11.18.2014

Thoughts on Daily Rituals and Containing Chaos

I just finished reading Daily Rituals: How Artists Work by Mason Currey last night. It was a fun and easy read consisting of one to two page articles on different creatives (architects, writers, painters, composers, etc) and how they work.

Did they sleep in or get up early? Did they nap? How did they eat? Who was involved in their creative process? Where did they work?

The last artist featured was Bernard Malamud. I haven't read any of his works. From all accounts, he was disciplined and developed rituals that enabled his creative work. When asked by an interviewer about his rituals, he explained that discipline is key, but that you are who you are, even developing the best of habits won't turn you into someone else. What struck me was this:

"Eventually everyone learns his or her own best way. The real mystery is to crack you."

These words have been sitting with me. He was specifically referring to writers, and possibly other creatives. While I have always enjoyed creative pursuits, I am far from an artist. I dabble in hobby crafts. At best.

But when am I going to crack the mystery of me?

What I am trying to find my best way in is my home and my family. In being a better person. Since the beginning of the school year this year, I have felt off, run ragged, like I'm failing. I can't get up early enough or stay up late enough to do X or Y. My house is always a wreck, and my kitchen counter always covered by a mountain of paper and random items left, en route to another location. Eventually.

Projects left half finished, stuff piling up everywhere.

The mystery I'm trying to crack is me. What am I doing to make this better? Make it worse? What is making me tired? Is it me? Is the problem me? Is the solution me?

Is the self-centered nature of my inquiry the problem? ...

The few disciplined actions that I do engage in have helped with the feeling of chaos.

Using a planner helps. I have to write it down or I will forget about it, and I prefer paper. For a few weeks, I was forgetting to turn in library books on time. A minor thing, I know, but it was making me crazy to fail at something so small. Our library even sends out email reminders before the books are due. No reason to ever forget. And the library is conveniently located between our house and the kids' school. No reason to not return them. I just didn't. Now I write in my planner on the day books are due "X books due". Then I can look on the app or on my email and see which ones. Hooray for progress, albeit tiny.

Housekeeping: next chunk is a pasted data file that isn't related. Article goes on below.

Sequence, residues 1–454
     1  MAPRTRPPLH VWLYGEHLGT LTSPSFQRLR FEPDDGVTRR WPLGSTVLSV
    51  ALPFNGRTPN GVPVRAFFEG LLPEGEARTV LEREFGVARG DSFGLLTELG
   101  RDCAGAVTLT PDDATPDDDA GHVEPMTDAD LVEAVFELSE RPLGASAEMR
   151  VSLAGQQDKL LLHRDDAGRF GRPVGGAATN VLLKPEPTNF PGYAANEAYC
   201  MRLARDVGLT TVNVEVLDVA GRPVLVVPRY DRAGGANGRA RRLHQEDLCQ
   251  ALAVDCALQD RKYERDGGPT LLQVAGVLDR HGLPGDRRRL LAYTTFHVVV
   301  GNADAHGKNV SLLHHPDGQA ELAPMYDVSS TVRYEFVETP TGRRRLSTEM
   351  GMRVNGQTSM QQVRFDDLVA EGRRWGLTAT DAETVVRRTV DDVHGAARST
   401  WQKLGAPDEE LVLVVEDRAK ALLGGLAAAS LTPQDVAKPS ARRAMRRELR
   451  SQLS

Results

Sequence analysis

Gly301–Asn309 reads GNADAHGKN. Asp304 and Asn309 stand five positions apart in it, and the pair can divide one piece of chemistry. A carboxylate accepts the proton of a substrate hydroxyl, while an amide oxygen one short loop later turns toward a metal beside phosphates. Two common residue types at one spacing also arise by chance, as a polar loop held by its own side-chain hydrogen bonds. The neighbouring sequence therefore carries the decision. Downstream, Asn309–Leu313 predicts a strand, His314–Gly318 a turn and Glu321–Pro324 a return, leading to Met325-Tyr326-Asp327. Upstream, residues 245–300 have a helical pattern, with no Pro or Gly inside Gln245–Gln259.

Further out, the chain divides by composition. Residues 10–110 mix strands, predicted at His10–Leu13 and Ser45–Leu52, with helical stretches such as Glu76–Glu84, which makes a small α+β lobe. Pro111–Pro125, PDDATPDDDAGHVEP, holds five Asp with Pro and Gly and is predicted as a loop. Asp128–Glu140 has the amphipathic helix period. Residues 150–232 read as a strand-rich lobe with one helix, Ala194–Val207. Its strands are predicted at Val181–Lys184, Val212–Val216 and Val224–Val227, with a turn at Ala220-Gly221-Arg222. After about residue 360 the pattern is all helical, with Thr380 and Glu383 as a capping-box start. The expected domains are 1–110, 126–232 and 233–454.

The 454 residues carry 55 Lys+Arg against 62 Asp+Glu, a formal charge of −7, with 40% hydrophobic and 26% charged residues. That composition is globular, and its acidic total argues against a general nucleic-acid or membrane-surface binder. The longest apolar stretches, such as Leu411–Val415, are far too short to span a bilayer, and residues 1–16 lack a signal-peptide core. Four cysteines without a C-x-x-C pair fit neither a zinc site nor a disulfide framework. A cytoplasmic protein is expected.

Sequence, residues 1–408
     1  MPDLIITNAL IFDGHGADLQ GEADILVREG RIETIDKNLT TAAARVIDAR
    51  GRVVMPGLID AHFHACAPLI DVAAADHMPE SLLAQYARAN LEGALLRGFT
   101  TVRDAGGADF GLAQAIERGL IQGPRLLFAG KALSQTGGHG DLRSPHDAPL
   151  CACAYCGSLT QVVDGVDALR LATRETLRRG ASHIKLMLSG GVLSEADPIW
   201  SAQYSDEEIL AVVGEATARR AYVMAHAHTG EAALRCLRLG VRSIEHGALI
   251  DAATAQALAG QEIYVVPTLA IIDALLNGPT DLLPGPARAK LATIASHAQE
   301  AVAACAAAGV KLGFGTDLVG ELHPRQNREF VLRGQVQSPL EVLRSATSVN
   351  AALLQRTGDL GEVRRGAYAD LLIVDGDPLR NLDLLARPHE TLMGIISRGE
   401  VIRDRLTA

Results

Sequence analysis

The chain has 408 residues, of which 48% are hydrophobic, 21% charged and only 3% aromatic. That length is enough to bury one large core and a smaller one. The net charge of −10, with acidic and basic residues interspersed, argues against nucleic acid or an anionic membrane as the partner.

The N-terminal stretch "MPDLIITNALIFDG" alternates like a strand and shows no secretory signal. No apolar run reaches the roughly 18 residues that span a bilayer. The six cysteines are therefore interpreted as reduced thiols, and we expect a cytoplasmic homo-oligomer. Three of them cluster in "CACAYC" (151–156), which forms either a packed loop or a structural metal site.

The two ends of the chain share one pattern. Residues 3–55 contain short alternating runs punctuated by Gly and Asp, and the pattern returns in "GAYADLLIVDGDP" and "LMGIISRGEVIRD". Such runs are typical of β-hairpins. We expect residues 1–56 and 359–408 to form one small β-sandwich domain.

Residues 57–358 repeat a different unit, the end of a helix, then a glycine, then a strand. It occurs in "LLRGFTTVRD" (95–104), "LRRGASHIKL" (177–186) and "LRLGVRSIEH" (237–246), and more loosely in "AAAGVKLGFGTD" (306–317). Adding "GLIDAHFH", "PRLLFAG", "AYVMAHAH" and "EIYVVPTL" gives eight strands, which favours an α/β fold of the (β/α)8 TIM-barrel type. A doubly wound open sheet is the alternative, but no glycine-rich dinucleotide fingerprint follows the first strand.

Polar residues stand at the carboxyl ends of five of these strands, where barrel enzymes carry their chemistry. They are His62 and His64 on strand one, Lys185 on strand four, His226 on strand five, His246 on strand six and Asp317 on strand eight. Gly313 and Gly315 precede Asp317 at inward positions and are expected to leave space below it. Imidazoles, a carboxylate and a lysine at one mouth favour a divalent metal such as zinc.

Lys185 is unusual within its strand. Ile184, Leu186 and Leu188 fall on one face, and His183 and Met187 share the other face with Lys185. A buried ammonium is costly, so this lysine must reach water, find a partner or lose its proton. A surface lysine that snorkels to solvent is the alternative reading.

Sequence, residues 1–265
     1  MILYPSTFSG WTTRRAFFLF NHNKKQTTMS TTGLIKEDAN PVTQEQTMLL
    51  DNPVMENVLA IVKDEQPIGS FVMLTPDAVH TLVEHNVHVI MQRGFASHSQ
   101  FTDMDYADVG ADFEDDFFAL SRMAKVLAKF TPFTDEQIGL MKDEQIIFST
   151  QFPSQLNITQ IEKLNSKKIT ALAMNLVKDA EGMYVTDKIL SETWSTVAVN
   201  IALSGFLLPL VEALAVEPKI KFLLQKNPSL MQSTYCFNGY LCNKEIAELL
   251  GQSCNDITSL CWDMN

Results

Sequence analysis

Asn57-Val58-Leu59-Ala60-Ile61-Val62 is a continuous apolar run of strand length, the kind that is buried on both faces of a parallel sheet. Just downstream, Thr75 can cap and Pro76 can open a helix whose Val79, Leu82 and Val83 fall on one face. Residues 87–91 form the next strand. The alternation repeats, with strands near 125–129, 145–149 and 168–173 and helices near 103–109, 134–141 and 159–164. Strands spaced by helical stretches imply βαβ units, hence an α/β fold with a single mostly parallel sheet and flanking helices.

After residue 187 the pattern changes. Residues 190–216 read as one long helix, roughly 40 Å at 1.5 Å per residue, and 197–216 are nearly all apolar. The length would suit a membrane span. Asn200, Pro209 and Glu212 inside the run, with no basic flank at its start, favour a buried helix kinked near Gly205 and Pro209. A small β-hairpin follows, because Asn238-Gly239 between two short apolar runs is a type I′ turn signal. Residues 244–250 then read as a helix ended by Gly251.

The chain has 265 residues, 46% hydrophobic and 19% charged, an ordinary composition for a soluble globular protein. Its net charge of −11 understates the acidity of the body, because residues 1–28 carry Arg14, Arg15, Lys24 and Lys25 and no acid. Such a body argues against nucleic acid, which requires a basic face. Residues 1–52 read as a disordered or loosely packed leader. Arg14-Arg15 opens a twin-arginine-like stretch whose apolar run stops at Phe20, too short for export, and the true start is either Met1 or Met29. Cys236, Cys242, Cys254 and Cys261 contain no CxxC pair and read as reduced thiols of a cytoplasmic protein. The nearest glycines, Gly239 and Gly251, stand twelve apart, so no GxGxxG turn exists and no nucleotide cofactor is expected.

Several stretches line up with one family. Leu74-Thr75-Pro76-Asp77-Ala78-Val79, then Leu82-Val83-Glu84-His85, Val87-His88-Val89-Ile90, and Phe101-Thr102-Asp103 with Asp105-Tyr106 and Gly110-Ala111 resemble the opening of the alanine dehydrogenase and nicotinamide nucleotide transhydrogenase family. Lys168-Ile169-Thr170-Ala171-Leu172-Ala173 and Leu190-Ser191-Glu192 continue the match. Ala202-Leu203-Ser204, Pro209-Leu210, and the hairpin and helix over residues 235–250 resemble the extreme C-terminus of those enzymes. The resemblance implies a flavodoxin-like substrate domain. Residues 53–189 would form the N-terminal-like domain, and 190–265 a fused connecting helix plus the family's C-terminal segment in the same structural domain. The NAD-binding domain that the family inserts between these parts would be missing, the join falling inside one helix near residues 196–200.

Getting up earlier than everyone else helps. If I can start the day prepared, then I feel better. (See my post on managing mornings with kids for more tips on being prepared for the day ahead.) But with darker and colder mornings, I'm pretty much kissing that goodbye until spring.

Not procrastinating helps. I am the queen procrastinator. When I was a kid, I would clean out individual drawers before cleaning piles of clothes or toys covering my bedroom floor. Surprisingly, not much has changed there. So now I try to act the first time. Open mail and shred, recycle, pay the bill. Move an article of clothing not from one chair to the next, but from a chair to a hamper or a drawer or the closet. On a hanger. I'm not doing this 100% of the time, but when I do it even some, it helps so much. Touch it once.

I'm trying not to panic before the holiday whirlwind starts, but every day life feels like a lot right now.

Does everyone feel this way this time of year? Most of the time? How do you manage the chaos? What daily rituals do you have to help make your day and your work-- creative or otherwise-- better? I'd love to hear your thoughts in the comments.

(*This post contains affiliate links. Read my disclosure policy here.)

11.13.2014

DIY: Give Thanks Burlap Craft

Before I completely skip over Thanksgiving as a holiday for decorating, I thought I'd share a quick craft project I made for our entry. An important reminder to be thankful

I had this 6 in x 8 in burlap panel in my craft stash hoard that I'd picked up on clearance from Hobby Lobby a few months ago. 


And you know I love a good freezer paper stencil. I used Century Gothic Bold font in 130 pt. When you're printing for a freezer paper stencil, change the text outline to black (from none) and the text fill to none (from black) to save yourself some printer ink black gold.